But it’s not the only topic, and that’s the part that surprised me. Remember that mobster storyline that got started in the Plesh-penned masterpiece Chance of a Lifetime? Well, that storyline is also growing as we get deeper into Scapegoats. The mobsters (their names are Frank Colbert and Roy Lance, by the way, and they are played in full-on Italian stereotype mode by William Boyett and Steven Hirsch). See, last time we saw them it was achingly clear that they were trying to sell stolen parts to Gary, and here they take him out to lunch (Gary doesn’t drink though, good boy) and start throwing vague threats at him about what they’re gonna do if he won’t do business with them. Now, Sid’s a smart man and he knows these mobsters are running a shady outfit, so he’s specifically told Gary not to go through with this, yet Gary seems lost, not sure what to do.
Let’s talk about Gary at this particular juncture in the series. Is he still a likeable character? Do you support him and wish for his happiness? The reason I mention this is because we are going through a particularly bad time for his character, arguably his second worst period since the last two episodes of season one (Bottom of the Bottle). If we’ll recall what happened last week, he is now officially having an affair with Judy Trend, committing adultery on Val, and that’s obviously pretty damn bad, but at the same time he’s dealing with these mobsters and he’s getting in way over his head. Oh yeah, and in addition to the Judy affair and the mobster dealings, it’s pretty obvious that Gary really wants to have an affair with Abby; he’s just not quite ready yet.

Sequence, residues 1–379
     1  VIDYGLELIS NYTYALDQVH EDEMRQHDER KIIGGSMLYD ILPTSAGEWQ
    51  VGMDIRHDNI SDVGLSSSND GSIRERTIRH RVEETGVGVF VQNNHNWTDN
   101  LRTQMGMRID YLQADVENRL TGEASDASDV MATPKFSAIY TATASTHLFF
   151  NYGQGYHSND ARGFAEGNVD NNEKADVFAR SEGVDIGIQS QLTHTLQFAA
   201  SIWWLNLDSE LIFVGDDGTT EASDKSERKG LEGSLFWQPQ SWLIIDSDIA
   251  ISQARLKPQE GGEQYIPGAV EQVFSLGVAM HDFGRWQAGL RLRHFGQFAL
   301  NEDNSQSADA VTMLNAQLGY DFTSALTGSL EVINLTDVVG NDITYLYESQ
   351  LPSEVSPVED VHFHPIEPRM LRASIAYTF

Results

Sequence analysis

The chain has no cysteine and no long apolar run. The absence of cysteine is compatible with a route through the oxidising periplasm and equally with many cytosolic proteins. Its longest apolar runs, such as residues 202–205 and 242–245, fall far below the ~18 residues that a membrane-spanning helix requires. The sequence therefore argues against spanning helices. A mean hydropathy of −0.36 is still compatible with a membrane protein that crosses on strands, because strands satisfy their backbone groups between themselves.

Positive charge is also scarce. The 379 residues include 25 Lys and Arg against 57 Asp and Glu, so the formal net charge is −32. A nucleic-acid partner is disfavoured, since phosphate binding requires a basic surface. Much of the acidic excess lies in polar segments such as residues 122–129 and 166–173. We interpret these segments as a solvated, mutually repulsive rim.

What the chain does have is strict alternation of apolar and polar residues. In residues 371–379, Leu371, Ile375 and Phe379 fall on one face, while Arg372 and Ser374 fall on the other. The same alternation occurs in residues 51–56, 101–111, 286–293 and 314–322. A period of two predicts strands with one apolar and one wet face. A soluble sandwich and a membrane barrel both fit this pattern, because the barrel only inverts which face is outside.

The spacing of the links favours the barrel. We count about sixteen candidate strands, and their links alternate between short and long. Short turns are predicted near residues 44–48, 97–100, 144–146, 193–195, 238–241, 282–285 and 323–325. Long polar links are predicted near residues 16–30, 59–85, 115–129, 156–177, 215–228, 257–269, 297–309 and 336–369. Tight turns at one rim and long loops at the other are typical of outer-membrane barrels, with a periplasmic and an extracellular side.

I will say that I still love Gary and support Gary, but remember that I am coming at this from the perspective of someone with scope for the whole series. When I look at Gary, I think of all the different ways he grows and matures throughout the entire fourteen season experience of KL. I know that he has his low points and his high points, but I also know that, eventually, much later in the series, Gary will reach a true self-actualization and be a good, decent, honest man. Since I know these things in advance, it makes it easier for me to stay with his character during trying times like these, when he’s really behaving like quite a jerk and a pretty lousy husband, to boot. Now, for someone who doesn’t have scope on the whole series, it would be much harder to support Gary right now. For instance, during our last episode (Breach of Faith), when Gary and Judy finally embraced in a kiss, My Beloved Grammy was not pleased and declared, “I don’t like Gary anymore.” We’ll see how long her not-liking of this character lasts, but I have a feeling that she’ll forgive him his mistakes as we get a few seasons deeper.
Another storyline that’s getting revved up (pun really not intended) involves Sid and this magic engine he’s working on. Keep all of this in mind since it will figure heavily into our next show as well as more shows down the line. Sid is trying to fix the environmental problems caused by automobiles, so he’s designing this, like, super engine that can get like five jillion miles to the gallon, or something. It’s barely mentioned here but, again, those seeds are being planted to grow in future eps.